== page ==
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CMA leaders converge on Capitol Hill to advocate for Medicare fix

February 27, 2015
Area(s) of Interest: Access to Care Advocacy Health Care Reform 


This week, 25 California Medical Association (CMA) physician leaders were in Washington, D.C., as part of the American Medical Association’s Legislative Week to urge Congress to enact the bipartisan, bicameral legislation that would repeal the Medicare sustainable growth rate (SGR) and institute a new payment system. The group also asked Congress to reauthorize the State Children’s Health Insurance Program, formerly known as Healthy Families, which is set to expire September 2015.


Medicare SGR


Last year, both houses of Congress were very close to a permanent repeal of the badly broken SGR formula. For the first time in a decade, House and Senate Committees had adopted a bipartisan, bicameral payment system to replace the SGR. Unfortunately, they were unable to agree on how to pay for it, ultimately passing a patch to stop the SGR-triggered payment cuts for the 17th time in 10 years.


Congressional leaders have agreed to carry the bipartisan bill forward in the new Congress and leave it intact. However, there remains strong disagreement on how to pay for the bill, despite the House and Senate leadership’s stated commitment to enact the bill this year. Fortunately, there is a growing chorus of conservative thinkers, such as the Wall Street Journal, Americans for Tax Reform and the Galen Institute, who have all told Congress that the projected SGR cuts are “phony” – lawmakers having never implemented the SGR over the last decade, instead adopting short-term patches year after year to stop the cuts – and therefore, the repeal itself does not need to be offset with corresponding funding. If Congress accepts this policy, they will only need to find an additional $30 billion to pass the bill.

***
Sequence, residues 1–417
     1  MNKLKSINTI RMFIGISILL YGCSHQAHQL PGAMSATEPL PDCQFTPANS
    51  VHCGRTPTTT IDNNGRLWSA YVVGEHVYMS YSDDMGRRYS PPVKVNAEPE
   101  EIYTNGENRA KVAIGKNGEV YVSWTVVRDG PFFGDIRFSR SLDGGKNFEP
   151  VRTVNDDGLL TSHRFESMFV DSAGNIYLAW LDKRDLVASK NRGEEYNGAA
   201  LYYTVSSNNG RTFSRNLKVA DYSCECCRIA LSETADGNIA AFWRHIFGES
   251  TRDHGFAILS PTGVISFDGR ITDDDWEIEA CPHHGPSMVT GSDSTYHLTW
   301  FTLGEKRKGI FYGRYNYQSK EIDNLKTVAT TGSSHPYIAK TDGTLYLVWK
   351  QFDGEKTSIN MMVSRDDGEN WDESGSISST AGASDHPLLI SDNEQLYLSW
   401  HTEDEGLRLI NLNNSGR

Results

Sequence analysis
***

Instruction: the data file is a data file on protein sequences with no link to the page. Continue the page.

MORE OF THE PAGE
Luther Cobb, M.D., CMA president, told Congress that half of California physicians are over the age of 55 and nearing retirement. Passage of Medicare payment reforms would bring the stability and resources necessary to physicians to keep them in practice. He also said that requiring financial offsets for the SGR is akin to a “pay-day loan” and a waste of federal resources. The cumulative cost of the patches now total more than the entire repeal legislation will cost. On behalf of CMA, Dr. Cobb urged Congress to move quickly to protect California’s seniors and military families.


Meaningful use reform and ICD-10


CMA physician leaders also met with Congress, the president’s Medicare staff at the White House and the new head of the Centers for Medicare and Medicaid Services (CMS), Andy Slavitt, about ICD-10 implementation and the burdensome meaningful use electronic health record program. CMA asked CMS to thoroughly test ICD-10 before implementation and suggested that if the testing shows problems, the program should be delayed. CMA physicians also vigorously urged immediate and sweeping reform to the meaningful use program, with Dr. Cobb telling key decision-makers that while the program was intended to facilitate the exchange of patient information to improve care,  it has only hindered participation in the program, imposed unnecessary administrative burdens, disrupted workflow, interfered with patient care and created substantial frustration among physicians. CMA urged decision-makers to require interoperability; align the quality and meaningful use reporting programs; eliminate the all-or-nothing approach, allowing physicians to get credit for the requirements they have met; eliminate the measures that are beyond a physician’s control, such as the patient portal; provide timely feedback; and get rid of the penalties.


Contact: Elizabeth McNeil, emcneil@cmadocs.org.

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